Common Grackle

Hey guys! Welcome back, and Happy Christmas to those of you that celebrate! Today I get to talk about one of my all-time favorite birds, the Common Grackle! Now I know many birders (and non-birders) will disagree with this. Grackles are brash, loud, annoying, and can congregate in extremely large numbers causing damage to crops, statues, etc. The collective noun for them is an Annoyance, after all, and with good reason.

Common Grackles
An annoyance of grackles, Central Park, NY

Common Grackles are part of the blackbird family. Larger than most of their blackbird relatives, they can be picked out by their lankier profiles, long tails, larger beak, and distinctive call. Unlike the other two grackle species in North America (the Boat-tailed and Great-tailed Grackles), Common Grackles have very little sexual dimorphism, with females looking less glossy, but still black with iridescent coloring. In low light, grackles look completely black, but catch the sunlight right, and they are some of the most beautiful and striking birds you’ll see. The iridescence in Common Grackles can vary based on geography from more green in the southeast to more purple in the northeast.

Common Grackle2
Common Grackle, Central Park, NY

But why are they my one of my favorite birds? Well, I’m not sure really. I think they look more like little dinosaurs than any other bird (yes I know that taxonomically speaking the chicken is the closest dinosaur relative.) I love their attitude. Last year, my sister went to Austin, TX and got me a shirt as a birthday gift. It had a picture of a grackle and said “Grackle got no boss.” I fell in love with it. It seems in Austin, Great-tailed Grackles are kind of all over the place. It’s become a slogan of sorts. I’ve come to apply it to the Common Grackles when I see them. It was actually really bad for a while, my friends all told me I had to stop saying it so often. Also, they’re one of the first birds I remember looking up in a field guide. They used to be in my backyard all the time when I was growing up. I’d see them back there and was struck by the blue and purple iridescence. I wanted to know what they were! My dad (mistakenly) thought they were starlings. It’s understandable. I mean, they’re both black/iridescent birds that seem to travel in large numbers. The Starling, however, is smaller and has light colored spots on it. I don’t really remember how I found out, or where I looked, as the internet wasn’t really a thing yet (I was like 10 years old), but somehow I found out they were a bird called Common Grackles. I’ve thought they were cool ever since!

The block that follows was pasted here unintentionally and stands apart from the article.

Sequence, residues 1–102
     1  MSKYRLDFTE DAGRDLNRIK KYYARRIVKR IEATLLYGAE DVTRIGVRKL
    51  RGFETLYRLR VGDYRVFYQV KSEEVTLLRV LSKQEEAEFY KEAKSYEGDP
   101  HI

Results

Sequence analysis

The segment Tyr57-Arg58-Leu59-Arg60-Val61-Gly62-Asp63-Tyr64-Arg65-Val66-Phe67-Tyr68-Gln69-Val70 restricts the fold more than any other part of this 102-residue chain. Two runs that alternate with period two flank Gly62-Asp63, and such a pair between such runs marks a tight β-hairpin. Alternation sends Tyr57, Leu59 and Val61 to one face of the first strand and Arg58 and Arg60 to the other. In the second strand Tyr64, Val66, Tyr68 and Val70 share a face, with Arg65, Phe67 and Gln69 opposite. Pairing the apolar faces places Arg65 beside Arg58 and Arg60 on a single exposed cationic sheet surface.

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Common Grackle bathing, Central Park, NY

Common Grackles are very common and widespread in the U.S. east of the Rocky Mountains. Look for them in winter when they form very large flocks with other blackbird species, with flocks sometimes numbering in the thousands, or even the millions! Common Grackles are opportunistic feeders and will eat pretty much enything they can find from fish to seeds to eggs to fruits. One of their favorite foods is corn, and since they form such large flocks, they are a big nuisance to farmers throughout the midwest. So, yeah, while most people don’t really like them, which is certainly understandable, they’re still one of my favorite birds. And it’s hard not to admit how beautiful they are when the light catches them right! Next up is one of the most well known, recognizable birds in North America! What could it be? Check back next time to find out! See you then!

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